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Autism spectrum disorders in boys at a major UK hemophilia center: prevalence and risk factors

Bladen, Melanie; Thorpe, Nicola; Ridout, Deborah; Barrie, Alpha; McGibbon, Emma; Mance, Abigail; Watson, Lucy; (2023) Autism spectrum disorders in boys at a major UK hemophilia center: prevalence and risk factors. Research and Practice in Thrombosis and Haemostasis , 7 (1) , Article 100013. 10.1016/j.rpth.2022.100013. Green open access

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Abstract

Background: Autism spectrum disorders (ASDs) are diagnosed by social communication difficulties strong, narrow interests, and repetitive stereotyped behavior. An apparently-elevated prevalence of ASD at a major UK hemophilia center warranted investigation. Objectives: To screen boys with hemophilia for difficulties in social communication and executive function and identify the prevalence and risk factors for ASD. Methods: Parents of boys with hemophilia aged 5 to 16 years completed the Social Communication Questionnaire, Children’s Communication Checklist, and the Behavior Rating Inventory of executive function. Prevalence and potential risk factors for ASD were evaluated. Boys with an existing diagnosis of ASD did not complete questionnaires, but were included in the prevalence analysis. Results: Negative scores on all 3 questionnaires were observed for 60 of 79 boys. Positive scores on 1, 2, and 3 questionnaires were seen in 12 of 79, 3 of 79, and 4 of 79 boys, respectively. In addition to the 11 of 214 boys with a prior ASD diagnosis, 3 further boys were diagnosed with ASD, yielding a prevalence of 14 (6.5%) of 214, greater than that of boys in the UK general population. Premature birth was linked to having ASD, but did not fully explain the increased prevalence with more boys born <37 weeks scoring positively on the Social Communications Questionnaire and Children’s Communication Checklist compared with those born at term. Conclusion: This study identified an increased prevalence of ASD at 1 UK hemophilia center. Prematurity was identified as a risk factor but did not fully explain the higher prevalence of ASD. Further investigation in the wider national/global hemophilia communities is warranted to determine whether this is an isolated finding.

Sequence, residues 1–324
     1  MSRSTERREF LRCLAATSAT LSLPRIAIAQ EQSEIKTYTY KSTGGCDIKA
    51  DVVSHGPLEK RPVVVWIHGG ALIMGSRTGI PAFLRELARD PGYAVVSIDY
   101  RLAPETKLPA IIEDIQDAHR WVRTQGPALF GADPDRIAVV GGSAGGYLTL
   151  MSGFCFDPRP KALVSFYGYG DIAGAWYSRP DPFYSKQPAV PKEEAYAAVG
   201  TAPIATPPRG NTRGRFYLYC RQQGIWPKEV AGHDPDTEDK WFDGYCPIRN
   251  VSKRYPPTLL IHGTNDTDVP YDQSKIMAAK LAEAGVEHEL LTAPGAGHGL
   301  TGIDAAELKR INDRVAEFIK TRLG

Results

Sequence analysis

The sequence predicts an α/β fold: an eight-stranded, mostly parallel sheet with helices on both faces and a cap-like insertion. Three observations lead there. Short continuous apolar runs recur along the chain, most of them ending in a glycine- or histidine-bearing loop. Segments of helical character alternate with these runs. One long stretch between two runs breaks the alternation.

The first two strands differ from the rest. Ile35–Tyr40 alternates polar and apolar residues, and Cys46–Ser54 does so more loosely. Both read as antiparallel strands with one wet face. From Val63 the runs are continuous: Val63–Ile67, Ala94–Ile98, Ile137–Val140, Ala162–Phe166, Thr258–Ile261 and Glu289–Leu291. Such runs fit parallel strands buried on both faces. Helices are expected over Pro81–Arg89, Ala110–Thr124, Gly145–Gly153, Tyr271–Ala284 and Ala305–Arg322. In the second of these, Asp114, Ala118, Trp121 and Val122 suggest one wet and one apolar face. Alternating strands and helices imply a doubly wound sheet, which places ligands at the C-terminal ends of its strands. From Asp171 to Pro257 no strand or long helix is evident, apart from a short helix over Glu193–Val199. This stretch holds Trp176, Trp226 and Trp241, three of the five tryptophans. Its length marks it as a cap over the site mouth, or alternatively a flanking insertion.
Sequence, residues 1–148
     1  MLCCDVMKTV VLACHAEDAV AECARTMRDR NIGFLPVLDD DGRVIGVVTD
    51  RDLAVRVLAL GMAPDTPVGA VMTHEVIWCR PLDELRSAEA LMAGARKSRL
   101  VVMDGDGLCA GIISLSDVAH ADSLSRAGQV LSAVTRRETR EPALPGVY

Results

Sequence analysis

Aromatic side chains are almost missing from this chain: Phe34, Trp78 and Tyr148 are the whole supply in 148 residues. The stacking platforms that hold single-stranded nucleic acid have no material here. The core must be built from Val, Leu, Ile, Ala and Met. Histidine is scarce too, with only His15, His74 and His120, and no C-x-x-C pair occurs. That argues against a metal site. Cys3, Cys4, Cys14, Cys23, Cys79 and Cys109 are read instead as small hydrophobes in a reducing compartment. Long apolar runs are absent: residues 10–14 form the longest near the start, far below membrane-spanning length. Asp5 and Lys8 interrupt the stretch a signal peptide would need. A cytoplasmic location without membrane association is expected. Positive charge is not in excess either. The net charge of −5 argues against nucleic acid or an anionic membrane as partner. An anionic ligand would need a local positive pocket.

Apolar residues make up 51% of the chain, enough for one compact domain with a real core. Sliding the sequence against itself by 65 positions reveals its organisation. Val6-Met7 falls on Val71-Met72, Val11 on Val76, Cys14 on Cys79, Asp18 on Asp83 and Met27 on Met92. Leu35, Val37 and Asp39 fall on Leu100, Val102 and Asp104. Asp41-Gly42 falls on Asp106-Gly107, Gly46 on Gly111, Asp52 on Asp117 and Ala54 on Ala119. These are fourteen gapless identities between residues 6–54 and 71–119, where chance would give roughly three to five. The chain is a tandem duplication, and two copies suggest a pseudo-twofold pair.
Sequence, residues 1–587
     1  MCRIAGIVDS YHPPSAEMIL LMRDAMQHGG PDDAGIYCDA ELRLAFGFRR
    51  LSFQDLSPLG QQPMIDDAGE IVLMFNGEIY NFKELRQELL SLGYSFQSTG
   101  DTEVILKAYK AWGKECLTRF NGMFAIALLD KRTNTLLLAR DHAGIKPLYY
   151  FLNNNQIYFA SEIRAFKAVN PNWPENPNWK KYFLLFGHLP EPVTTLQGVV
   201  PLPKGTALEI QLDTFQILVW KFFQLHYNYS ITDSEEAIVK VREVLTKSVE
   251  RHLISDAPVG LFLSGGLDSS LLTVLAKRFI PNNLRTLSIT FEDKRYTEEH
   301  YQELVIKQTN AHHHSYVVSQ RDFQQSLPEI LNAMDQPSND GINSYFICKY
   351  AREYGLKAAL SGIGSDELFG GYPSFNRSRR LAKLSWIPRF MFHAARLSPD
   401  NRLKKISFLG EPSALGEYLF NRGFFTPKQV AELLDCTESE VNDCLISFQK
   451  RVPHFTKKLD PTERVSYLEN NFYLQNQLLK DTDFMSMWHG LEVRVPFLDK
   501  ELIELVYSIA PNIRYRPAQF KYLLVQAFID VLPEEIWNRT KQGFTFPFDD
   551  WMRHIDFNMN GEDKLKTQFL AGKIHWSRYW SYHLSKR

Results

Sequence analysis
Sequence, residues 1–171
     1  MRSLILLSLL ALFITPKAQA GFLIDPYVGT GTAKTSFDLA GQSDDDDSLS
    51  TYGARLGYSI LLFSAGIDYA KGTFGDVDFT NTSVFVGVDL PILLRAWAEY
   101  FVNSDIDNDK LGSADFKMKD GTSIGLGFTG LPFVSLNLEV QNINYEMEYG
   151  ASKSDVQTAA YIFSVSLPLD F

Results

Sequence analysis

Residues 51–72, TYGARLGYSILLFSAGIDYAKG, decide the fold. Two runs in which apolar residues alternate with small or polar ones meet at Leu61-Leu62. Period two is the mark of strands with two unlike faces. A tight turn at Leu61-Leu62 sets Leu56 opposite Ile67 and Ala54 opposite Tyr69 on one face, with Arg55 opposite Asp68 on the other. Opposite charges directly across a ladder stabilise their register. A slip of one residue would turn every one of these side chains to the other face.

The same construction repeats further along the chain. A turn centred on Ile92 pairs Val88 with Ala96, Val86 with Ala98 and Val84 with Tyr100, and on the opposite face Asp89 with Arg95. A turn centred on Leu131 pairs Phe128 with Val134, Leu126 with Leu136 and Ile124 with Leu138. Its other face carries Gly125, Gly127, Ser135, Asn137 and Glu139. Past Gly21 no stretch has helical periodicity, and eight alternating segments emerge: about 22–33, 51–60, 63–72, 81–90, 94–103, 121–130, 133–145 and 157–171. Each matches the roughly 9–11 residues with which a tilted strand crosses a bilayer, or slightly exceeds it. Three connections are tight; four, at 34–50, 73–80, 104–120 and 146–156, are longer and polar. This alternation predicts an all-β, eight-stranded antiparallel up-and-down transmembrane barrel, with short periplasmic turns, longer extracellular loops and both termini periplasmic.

Type: Article
Title: Autism spectrum disorders in boys at a major UK hemophilia center: prevalence and risk factors
Location: United States
Open access status: An open access version is available from UCL Discovery
DOI: 10.1016/j.rpth.2022.100013
Publisher version: https://doi.org/10.1016/j.rpth.2022.100013
Language: English
Additional information: Crown Copyright © 2022 Published by Elsevier Inc. on behalf of International Society on Thrombosis and Haemostasis. This is an open access article under the CC BY-NC-ND license (http://creativecommons.org/licenses/by-nc-nd/4.0/).
Keywords: autism spectrum disorder, child, communication, executive function, hemophilia A
UCL classification: UCL
UCL > Provost and Vice Provost Offices > School of Life and Medical Sciences
UCL > Provost and Vice Provost Offices > School of Life and Medical Sciences > Faculty of Population Health Sciences > UCL GOS Institute of Child Health
UCL > Provost and Vice Provost Offices > School of Life and Medical Sciences > Faculty of Population Health Sciences > UCL GOS Institute of Child Health > Infection, Immunity and Inflammation Dept
UCL > Provost and Vice Provost Offices > School of Life and Medical Sciences > Faculty of Population Health Sciences > UCL GOS Institute of Child Health > Population, Policy and Practice Dept
URI: https://discovery.ucl.ac.uk/id/eprint/10166860
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